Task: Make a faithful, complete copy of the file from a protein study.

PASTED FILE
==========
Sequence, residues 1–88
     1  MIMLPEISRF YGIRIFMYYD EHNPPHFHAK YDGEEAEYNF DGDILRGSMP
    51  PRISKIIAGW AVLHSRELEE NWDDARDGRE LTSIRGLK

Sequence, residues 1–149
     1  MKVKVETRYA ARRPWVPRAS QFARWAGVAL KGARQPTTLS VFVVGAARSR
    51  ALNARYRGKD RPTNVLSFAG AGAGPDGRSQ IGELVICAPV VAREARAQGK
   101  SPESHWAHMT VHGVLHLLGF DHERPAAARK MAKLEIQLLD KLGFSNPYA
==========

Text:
Sequence, residues 1–88
     1  MIMLPEISRF YGIRIFMYYD EHNPPHFHAK YDGEEAEYNF DGDILRGSMP
    51  PRISKIIAGW AVLHSRELEE NWDDARDGRE LTSIRGLK

Sequence, residues 1–149
     1  MKVKVETRYA ARRPWVPRAS QFARWAGVAL KGARQPTTLS VFVVGAARSR
    51  ALNARYRGKD RPTNVLSFAG AGAGPDGRSQ IGELVICAPV VAREARAQGK
   101  SPESHWAHMT VHGVLHLLGF DHERPAAARK MAKLEIQLLD KLGFSNPYA